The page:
Hokusai (1760-1849) is world-famous for his designs of Mount Fuji, the most famous mountain of Japan. Hokusai (meaning ‘pole-star’ ) represents Mount Fuji in an impressive triangular shape in his prints of the holy mountain in the summer with massive floating clouds with lightning to the side of the mountian. One glance on such a simple and effective composition makes an unforgettable impression on the viewer.
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Little is known about Hokusai’s early life. From what he has told himself he developed an urge to draw all kinds of subjects related to nature from the age of 6. Also from an early age he came into touch with the art of woodcutting. This experience was as a ‘hidden force’ when he became a woodblock designer in his adult life. At the age of 19 he started as a pupil of Shunsho which marks the beginning of his career as a illustrator.
His first prints give the impression that Hokusai was not a natural talent but that was compensated by his possessiveness to drawing and his productivity which is unmatched in the history of Ukiyo-e. Initially he designed mainly kabuki (actor) prints and book illustrations but slowly he started experimenting within the other Ukiyo-e genres such as surimono (commissioned print), kacho-ga (flower and bird print) and shunga (erotic print).
In 1812 Hokusai travelled to Kyoto and Osaka. On this ocassion he produced hundreds of sketches with the intention of getting them published in the form of a handbook on the art of drawing. Between 1812 and 1820 the first ten volumes were published which are known to the world as the ‘Sketchbooks of Hokusai’ (Hokusai Manga).
This overwhelming quantity and striking diversity of sketches shows the viewer the full reality of the Japanese daily life. The subjects are almost unlimited and forms a colourful encyclopaedia of human life and labour, myths and legends and of the material and natural environment.
It is like the production of these sketchbooks were a finger exercise, a contemplative preamble for his masterpiece which places Hokusai in the pantheon of greatest artists being on a par with Raphaël, Michelangelo and Rembrandt. This masterpiece series, called the ’36 Views of Mount Fuji’ (Fugaku sanjurokkei), with Mount Fuji as its main subject, portrayed under changing weather circumstances from different locations and points of view, was published when Hokusai was 70. One of the prints is called the ‘Beneath the Wave of Kanagawa’ (The Great Wave) and is the most famous print in the history of Japanese woodblock art.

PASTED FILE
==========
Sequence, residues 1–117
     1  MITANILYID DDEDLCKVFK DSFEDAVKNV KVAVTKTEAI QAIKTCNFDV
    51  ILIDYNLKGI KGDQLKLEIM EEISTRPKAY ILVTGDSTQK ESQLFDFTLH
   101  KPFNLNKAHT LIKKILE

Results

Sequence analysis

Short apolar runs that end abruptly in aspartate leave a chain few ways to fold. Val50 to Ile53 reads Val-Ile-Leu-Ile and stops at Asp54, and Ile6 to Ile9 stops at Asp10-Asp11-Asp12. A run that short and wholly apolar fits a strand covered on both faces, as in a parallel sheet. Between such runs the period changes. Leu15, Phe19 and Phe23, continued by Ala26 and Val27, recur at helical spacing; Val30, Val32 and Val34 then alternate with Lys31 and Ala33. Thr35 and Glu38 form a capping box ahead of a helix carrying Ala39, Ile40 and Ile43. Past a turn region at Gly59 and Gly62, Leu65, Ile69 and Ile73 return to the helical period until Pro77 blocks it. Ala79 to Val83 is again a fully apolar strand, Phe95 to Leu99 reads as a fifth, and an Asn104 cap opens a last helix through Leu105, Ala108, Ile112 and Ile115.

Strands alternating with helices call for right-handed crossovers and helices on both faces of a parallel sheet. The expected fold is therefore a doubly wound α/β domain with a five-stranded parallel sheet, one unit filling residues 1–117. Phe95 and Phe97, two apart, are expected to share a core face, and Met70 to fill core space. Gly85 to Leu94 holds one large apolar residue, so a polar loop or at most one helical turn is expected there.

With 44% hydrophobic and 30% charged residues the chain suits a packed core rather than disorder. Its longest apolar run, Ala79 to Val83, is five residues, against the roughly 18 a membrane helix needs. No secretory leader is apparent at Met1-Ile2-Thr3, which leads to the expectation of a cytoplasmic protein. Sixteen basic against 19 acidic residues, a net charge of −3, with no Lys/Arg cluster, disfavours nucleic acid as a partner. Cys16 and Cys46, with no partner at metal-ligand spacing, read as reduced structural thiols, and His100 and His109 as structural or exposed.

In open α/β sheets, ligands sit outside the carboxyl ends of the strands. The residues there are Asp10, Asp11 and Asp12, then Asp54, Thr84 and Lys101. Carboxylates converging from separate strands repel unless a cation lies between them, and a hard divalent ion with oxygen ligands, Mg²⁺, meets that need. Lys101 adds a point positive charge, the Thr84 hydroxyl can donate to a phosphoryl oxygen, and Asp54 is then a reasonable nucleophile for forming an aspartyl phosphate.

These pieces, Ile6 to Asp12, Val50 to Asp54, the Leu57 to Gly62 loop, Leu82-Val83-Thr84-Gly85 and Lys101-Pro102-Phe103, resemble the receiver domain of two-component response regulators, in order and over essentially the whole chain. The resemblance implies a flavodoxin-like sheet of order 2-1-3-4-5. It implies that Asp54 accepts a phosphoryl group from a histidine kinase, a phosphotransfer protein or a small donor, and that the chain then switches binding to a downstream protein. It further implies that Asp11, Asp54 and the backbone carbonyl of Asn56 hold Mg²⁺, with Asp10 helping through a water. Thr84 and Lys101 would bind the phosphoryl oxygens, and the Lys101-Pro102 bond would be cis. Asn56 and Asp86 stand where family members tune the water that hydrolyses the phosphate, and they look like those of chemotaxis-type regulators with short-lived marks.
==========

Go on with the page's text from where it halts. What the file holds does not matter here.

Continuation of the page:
Hokusai’s Great Wave print depicts one enormous wave coming from the left and reaching up into the sky with its tentacle crests ready to smash the boats including their passengers. It’s the magnificent juxtaposition of the three elements the divine, the human and the earthly presented here in a perfect harmony giving the image such an impact and power. It was Hokusai’s ’36 Views of Mount Fuji’ -series and especially The Great Wave that provided the impressionists a decisive impulse in their quest inventing a new art as stated by Edmond de Goncourt in his book on Hokusai in 1896:
“This horizontal series, with its rather crude colours, which nonetheless attempt to reproduce nature’s colours under all lightning conditions, is the album which inspires the landscapes of the impressionists of the present moment”.
‘Hokusai’ by Gian Carlo Calza, ‘ The Hokusai Sketchbooks’ by James A. Michener, Hokusai: ‘First Manga Master’ by Jocelyn Bouquillard and Christophe Marquet.
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Source by Marijn Kruijff